If you are interested in trying these unique flavors, get ready. The Chi’Lantro truck will be coming back to their same location at 2323 San Antonio Street near the UT campus on Saturday from 12-3 P.M.

I highly recommend that you give them a try.

Drink Coffee…Outside!

If you live or frequent west campus you’ve probably seen Good Bike Cafe, located at the Corner of 24th and San Gabriel, in the parking lot of Freewheeling Bicycles.

Photo by Drew Bean

It’s basically a trailer with a very friendly person inside, a canopy and some patio chairs. So, you can either get your coffee to go on your way to class or you can bring a book or companion and hang out a little while.

They offer a diverse menu including lattes, tea, hot chocolate, breakfast tacos from Cuatros, bagels, sandwiches and more.

Their most popular drink, however, is their cuban coffee, a shot of espresso with sweetened milk. It’s handy to carry and drink on the go since it comes in a smaller cup than normal espresso drinks, plus it’s absolutely delicious, although I must warn, a tad bit addicting as well.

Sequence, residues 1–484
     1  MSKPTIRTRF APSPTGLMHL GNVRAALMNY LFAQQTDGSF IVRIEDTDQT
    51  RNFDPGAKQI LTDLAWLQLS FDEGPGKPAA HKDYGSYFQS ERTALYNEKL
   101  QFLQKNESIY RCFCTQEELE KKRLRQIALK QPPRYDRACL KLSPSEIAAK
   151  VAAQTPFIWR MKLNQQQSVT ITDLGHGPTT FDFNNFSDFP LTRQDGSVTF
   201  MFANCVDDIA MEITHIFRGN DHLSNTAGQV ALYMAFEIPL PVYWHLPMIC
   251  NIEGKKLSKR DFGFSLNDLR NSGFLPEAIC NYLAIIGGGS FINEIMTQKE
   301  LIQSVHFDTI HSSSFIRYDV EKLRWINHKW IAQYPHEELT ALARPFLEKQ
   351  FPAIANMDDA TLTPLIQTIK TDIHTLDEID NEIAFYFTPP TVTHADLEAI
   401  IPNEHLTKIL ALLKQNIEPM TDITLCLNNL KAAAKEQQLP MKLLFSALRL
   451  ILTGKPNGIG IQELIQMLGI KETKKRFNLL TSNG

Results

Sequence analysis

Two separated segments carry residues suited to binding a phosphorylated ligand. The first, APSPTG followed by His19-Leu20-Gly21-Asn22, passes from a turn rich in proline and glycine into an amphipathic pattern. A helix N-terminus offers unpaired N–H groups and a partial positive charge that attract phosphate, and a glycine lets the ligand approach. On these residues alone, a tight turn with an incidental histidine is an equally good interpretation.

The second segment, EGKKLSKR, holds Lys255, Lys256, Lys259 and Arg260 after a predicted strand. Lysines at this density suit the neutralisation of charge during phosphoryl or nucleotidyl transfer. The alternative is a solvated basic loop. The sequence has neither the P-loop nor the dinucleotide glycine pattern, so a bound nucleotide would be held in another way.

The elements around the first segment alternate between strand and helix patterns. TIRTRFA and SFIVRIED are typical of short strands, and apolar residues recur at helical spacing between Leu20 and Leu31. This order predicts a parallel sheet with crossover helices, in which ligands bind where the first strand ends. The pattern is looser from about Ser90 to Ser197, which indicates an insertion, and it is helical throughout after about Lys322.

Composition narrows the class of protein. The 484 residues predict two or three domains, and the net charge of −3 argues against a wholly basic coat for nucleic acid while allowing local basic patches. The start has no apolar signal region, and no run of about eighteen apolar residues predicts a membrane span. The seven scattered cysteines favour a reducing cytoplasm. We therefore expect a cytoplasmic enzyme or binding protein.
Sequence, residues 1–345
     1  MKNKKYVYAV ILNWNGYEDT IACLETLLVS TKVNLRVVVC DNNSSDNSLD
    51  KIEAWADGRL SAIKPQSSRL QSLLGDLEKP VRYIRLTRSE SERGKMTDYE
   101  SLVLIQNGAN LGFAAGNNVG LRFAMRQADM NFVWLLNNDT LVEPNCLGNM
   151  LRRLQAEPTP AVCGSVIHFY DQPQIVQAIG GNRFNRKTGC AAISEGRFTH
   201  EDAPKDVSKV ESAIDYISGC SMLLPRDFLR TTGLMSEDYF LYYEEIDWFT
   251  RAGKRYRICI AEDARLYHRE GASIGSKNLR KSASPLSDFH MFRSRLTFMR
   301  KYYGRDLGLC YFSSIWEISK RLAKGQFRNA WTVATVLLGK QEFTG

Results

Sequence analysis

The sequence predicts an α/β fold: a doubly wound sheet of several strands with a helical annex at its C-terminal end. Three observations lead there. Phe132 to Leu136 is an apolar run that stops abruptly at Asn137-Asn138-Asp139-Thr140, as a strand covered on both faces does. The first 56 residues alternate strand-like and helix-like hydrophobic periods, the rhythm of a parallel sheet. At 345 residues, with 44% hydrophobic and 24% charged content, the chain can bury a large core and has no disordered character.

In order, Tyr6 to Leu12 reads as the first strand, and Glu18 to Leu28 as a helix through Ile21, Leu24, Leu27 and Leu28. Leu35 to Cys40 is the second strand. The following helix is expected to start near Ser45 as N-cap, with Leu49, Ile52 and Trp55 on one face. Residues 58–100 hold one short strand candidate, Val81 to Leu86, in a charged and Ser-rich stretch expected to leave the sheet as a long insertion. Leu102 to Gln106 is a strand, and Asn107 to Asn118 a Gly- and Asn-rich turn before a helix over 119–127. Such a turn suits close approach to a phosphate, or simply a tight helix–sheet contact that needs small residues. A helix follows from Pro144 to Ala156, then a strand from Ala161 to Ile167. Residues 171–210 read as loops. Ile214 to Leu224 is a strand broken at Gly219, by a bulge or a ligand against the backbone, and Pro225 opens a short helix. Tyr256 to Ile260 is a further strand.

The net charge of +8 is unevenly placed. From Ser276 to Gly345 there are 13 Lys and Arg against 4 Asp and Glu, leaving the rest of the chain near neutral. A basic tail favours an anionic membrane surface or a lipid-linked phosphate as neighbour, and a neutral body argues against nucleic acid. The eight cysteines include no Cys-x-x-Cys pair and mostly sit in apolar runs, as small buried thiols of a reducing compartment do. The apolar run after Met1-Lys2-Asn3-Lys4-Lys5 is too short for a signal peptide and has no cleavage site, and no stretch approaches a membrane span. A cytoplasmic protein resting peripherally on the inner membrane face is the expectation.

Plus, in true Austin fashion, their products are almost all sourced locally and organically.

It is also important to note that their drinks run a bit cheaper than those of the ubiquitous Starbuckses around campus. My drink, a skinny vanilla latte, costs $3 at the Starbucks in the Union, and $2.50 at the Good Bike Cafe. Plus, you get a 25% discount if you arrive on a bike!

In order to learn more about the Good Bike Cafe I did a brief Q&A with owner and operator Robby Hanna.

Jordyn:Who started the Good Bike Cafe and why?

Photo by Drew Bean

Robby: Charlie Drozdyck had a vision of a coffee place with a funky kind of cool motif so he developed the idea of a coffee trailer. He made a relationship with the bike shop, Freewheeling Bicycles, had electricity installed, then got the place up and running last September. He later decided to move on to other things and sold the cafe to me.